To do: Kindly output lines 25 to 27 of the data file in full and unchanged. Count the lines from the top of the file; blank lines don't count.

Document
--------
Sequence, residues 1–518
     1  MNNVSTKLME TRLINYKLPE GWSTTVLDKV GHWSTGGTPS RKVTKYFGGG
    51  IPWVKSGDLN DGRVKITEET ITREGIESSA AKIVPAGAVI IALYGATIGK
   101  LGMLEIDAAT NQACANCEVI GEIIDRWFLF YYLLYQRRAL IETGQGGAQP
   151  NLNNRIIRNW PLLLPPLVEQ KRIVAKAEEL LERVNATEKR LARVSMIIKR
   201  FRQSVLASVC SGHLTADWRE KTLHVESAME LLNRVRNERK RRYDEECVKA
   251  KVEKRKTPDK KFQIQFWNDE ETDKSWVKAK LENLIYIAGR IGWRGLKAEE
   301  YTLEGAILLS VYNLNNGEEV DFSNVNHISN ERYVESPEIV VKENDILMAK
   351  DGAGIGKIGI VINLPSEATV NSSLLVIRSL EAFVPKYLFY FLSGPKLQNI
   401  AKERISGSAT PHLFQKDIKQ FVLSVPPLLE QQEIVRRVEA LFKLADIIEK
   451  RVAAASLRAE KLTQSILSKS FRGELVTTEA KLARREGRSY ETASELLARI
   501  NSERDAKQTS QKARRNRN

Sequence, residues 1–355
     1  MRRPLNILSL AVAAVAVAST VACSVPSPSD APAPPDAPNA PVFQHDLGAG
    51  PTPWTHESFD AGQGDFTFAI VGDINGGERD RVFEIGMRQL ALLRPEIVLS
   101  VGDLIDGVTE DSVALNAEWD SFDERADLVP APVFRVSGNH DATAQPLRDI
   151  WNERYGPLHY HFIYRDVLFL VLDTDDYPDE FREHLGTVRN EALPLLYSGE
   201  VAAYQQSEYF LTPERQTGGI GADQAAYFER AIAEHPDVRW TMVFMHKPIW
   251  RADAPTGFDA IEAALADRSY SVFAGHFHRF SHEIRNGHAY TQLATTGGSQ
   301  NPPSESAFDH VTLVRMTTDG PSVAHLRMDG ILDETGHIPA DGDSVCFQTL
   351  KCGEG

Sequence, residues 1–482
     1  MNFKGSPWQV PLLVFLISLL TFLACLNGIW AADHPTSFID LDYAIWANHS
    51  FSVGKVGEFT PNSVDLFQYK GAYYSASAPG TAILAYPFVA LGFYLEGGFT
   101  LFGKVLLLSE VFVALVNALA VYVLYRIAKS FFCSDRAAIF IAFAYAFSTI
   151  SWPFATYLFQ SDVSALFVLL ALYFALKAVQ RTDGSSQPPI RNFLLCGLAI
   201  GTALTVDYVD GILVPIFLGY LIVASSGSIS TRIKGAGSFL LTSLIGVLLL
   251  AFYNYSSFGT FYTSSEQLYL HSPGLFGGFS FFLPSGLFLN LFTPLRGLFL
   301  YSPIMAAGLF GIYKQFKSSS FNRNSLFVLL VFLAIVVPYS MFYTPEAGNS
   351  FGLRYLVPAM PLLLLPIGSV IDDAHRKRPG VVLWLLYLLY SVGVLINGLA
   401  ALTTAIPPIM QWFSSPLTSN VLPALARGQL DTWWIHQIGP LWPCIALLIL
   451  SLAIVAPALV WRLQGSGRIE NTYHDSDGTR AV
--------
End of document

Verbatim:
   101  LFGKVLLLSE VFVALVNALA VYVLYRIAKS FFCSDRAAIF IAFAYAFSTI
   151  SWPFATYLFQ SDVSALFVLL ALYFALKAVQ RTDGSSQPPI RNFLLCGLAI
   201  GTALTVDYVD GILVPIFLGY LIVASSGSIS TRIKGAGSFL LTSLIGVLLL